Indiscriminate Harassment of “Russian” Restaurants in Japan Targets Both SidesSociety
[Kobe Shimbun] Ukrainian Olga Vangelyeva, owner of the Rosian Piroshiki (Russian Pirozhki) restaurant in Kobe’s Nada Ward, was lost for words earlier this month when she saw the establishment’s user review page. Someone had posted pictures of what looked like the corpses of Russian soldiers.
There were comments like “It’s all weird food” and “Is this traditional Russian cuisine?” accompanied by a low rating that did not seem to be from an actual customer.
She knew that there had been online harassment of restaurants selling Russian food in Hyōgo and Osaka Prefectures, but it was a shock to be targeted herself. It shook her enough to consider the possibility of the attacks expanding to the restaurant itself or its staff members, and think about closing temporarily.
When Vangelyeva checked the poster’s account, she found similar posts at other Russian restaurants across Japan. These were later deleted, so it was no longer possible to find the account, but Vangelyeva says, “My heart breaks to think that we might lose customers. Maybe it was just a joke, but for me, it’s unforgivable.”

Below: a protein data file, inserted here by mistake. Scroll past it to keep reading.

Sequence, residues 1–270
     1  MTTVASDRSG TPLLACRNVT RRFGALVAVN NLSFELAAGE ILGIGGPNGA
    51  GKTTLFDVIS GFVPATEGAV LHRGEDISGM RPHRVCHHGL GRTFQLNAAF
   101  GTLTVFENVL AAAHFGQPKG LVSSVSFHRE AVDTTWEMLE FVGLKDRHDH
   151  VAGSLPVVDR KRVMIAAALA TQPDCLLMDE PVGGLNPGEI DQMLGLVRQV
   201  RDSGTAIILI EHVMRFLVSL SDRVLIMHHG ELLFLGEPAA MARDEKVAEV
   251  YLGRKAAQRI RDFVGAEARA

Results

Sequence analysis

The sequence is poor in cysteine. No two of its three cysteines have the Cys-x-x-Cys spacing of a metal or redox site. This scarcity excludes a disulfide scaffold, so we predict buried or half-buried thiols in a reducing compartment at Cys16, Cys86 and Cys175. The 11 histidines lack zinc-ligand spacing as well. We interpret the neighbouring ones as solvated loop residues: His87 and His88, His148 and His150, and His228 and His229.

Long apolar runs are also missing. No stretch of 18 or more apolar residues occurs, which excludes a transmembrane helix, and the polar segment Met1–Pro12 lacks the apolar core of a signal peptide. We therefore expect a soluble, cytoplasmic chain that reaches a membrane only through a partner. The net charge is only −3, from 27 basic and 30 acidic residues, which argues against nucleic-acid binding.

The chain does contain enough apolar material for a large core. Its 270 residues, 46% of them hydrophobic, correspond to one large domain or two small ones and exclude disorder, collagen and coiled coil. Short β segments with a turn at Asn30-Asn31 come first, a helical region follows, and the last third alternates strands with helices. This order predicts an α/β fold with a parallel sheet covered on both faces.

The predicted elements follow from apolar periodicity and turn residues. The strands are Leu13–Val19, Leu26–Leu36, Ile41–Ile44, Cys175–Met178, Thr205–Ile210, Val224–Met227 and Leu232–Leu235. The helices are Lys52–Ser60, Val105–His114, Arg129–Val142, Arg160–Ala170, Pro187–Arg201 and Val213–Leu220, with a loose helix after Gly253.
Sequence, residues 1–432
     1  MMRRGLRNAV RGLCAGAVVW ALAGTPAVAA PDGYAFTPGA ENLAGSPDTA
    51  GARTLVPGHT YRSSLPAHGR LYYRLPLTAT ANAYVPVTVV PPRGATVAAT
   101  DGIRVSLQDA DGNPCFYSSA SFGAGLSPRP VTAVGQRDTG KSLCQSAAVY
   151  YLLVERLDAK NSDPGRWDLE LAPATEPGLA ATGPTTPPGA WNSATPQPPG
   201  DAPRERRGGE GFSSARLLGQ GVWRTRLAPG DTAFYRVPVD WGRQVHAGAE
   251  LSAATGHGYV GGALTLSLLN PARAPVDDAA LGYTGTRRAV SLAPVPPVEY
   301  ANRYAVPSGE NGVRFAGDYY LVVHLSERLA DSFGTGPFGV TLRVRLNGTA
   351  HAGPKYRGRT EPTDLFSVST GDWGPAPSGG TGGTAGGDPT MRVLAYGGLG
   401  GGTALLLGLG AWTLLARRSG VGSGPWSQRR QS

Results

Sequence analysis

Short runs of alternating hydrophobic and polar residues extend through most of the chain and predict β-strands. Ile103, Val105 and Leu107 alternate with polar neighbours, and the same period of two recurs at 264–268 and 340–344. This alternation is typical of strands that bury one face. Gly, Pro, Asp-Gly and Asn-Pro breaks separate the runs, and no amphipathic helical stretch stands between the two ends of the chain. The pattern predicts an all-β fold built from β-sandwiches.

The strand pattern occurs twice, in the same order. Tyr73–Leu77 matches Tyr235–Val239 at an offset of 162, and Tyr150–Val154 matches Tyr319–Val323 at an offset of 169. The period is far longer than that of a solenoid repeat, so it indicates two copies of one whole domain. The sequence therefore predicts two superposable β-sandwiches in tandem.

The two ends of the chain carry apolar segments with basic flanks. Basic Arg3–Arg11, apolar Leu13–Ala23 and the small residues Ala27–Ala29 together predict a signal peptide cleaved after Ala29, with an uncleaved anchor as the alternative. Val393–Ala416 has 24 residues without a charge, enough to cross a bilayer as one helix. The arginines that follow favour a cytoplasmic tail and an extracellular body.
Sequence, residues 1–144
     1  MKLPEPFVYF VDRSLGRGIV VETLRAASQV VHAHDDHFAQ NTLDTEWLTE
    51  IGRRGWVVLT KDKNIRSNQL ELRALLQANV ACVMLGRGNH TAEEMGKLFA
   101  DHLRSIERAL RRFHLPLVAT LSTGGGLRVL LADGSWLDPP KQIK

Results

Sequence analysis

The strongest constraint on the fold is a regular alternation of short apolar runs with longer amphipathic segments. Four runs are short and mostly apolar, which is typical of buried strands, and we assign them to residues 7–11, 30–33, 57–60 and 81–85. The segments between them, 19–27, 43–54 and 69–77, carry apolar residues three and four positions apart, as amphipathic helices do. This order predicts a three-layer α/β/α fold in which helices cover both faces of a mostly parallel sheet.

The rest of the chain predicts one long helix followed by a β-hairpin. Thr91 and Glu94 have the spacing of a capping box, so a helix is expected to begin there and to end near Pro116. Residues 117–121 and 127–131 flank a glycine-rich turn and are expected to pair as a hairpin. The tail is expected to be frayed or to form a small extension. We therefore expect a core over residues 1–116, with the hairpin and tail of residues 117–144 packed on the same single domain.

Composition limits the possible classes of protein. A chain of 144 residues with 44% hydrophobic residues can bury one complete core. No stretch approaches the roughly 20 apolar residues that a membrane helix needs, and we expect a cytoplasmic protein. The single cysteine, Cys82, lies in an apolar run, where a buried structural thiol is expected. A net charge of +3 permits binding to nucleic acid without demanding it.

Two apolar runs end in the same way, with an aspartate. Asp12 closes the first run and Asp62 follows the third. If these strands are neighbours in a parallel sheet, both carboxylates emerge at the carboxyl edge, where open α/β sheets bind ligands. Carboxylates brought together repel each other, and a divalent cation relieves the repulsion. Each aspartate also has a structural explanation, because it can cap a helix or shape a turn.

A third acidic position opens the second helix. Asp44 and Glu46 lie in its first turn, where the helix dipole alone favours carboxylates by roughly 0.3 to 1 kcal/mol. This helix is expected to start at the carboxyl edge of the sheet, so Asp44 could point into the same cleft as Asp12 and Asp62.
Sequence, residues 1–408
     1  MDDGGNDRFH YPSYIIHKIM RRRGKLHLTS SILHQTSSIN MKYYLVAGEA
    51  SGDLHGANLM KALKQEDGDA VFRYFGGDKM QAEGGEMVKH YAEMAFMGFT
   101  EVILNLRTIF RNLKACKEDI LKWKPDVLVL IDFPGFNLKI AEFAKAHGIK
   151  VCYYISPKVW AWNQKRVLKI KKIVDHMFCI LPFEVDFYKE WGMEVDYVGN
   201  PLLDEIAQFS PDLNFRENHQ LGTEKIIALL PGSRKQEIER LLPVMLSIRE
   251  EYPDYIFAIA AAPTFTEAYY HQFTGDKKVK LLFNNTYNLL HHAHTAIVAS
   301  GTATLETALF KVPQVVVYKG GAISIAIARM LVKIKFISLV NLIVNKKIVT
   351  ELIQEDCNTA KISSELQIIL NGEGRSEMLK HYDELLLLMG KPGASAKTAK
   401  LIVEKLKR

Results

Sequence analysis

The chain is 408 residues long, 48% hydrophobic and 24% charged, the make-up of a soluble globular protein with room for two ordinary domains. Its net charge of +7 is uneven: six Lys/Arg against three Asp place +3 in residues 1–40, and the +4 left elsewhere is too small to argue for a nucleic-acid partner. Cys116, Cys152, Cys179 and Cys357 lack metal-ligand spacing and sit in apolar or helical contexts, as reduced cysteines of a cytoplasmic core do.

Concerns for Home
Vangelyeva is from Mariupol in the southeast of Ukraine, which is under heavy bombardment by Russian troops. It is near the Russian border, and she herself speaks Russian. She arrived in Japan in 2001, and has worked for a trade company and at Russian restaurants in Kobe. In 2018, she opened the pirozhki restaurant with a friend.
Vangelyeva’s 76-year-old mother remains in Mariupol, and she has not heard from her since a March 2 telephone call, when her mother said she could hear the sound of gunfire. The besieged city has lost water and power, and Vangelyeva says, “I try to call her more than 100 times each day but can’t get through. “I’m so worried I can’t sleep. I just want her to be alive.”
(Translated from Japanese. Banner photo: Olga Vangelyeva outside her restaurant in Kobe. Article and photo by Ryūmon Kazuaki.)
[© The Kobe Shimbun]